Attorneys defending former President Donald Trump in his second impeachment trial called the proceeding "an unconstitutional act of political vengeance" and urged senators to promptly and decisively reject the article charging him with inciting the January 6 insurrection.
Using less than a quarter of their allotted 16 hours to make their case for acquittal on Friday, the lawyers told senators that claiming the president "wished, desired or encouraged violent behavior is a preposterous and monstrous lie."
"The hatred that the House managers and others on the left have for President Trump," said defense attorney David Schoen, "has driven them to skip the basic elements of due process and fairness."
Schoen spent considerable time trying to show how the House impeachment managers manipulated the president's words in his January 6 speech, as well as in other speeches and tweets, to make it appear that he was encouraging violence, when he was doing just the opposite.
"One of the House managers made much of the president's supposedly ominous words of, 'you have to get your people to fight,'" Schoen explained, "but you knew what the president really meant: He meant that the crowd should demand action from members of Congress, and support primary challenges to those who don't do what he considered to be right...I know what he meant, because I watched the full video. And so did the house managers. But they manipulated his words."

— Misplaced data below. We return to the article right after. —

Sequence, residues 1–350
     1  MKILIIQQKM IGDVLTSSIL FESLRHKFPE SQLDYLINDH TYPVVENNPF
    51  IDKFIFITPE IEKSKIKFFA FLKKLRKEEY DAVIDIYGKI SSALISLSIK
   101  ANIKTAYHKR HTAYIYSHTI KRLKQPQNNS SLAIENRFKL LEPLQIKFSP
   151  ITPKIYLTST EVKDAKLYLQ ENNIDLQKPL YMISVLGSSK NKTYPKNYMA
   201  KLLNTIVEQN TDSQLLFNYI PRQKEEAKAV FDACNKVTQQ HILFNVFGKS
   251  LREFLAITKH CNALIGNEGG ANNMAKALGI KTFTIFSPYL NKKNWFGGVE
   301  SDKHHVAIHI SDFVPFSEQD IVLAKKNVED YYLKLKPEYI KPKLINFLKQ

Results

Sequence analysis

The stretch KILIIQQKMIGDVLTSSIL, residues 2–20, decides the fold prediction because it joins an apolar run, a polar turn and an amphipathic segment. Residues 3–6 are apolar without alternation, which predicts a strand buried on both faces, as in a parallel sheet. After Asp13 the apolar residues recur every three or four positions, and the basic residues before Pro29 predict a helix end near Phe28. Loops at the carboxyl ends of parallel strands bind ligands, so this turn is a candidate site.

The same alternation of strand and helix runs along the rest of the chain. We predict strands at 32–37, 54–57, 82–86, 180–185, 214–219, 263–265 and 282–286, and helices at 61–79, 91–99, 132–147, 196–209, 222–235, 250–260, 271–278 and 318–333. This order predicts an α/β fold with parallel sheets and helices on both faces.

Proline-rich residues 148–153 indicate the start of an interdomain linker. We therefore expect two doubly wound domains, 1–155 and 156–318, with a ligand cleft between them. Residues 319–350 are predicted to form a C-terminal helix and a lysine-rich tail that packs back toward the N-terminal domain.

Other lines in the president's January 6 speech, they say, were taken out of context, in particular when he said, "If you don't fight like hell, you're not going to have a country anymore."
"This is ordinary political rhetoric that is virtually indistinguishable from the language that has been used by people across the political spectrum for hundreds of years," said Michael van der Veen, another member of the Trump's defense team.
The attorneys said the discovery by law enforcement that the uprising was premeditated is further proof of Trump's innocence, saying you can't incite what was already going to happen.
"Like every other politically motivated witch hunt the left has engaged in over the past four years," said van der Veen, "this impeachment is completely divorced from the facts, the evidence, and the interests of the American people. The Senate should promptly and decisively vote to reject it."
Following the conclusion of the defense counsel's arguments, senators had up to four hours to ask questions of both sides. The final vote on conviction or acquittal could happen as early as Saturday.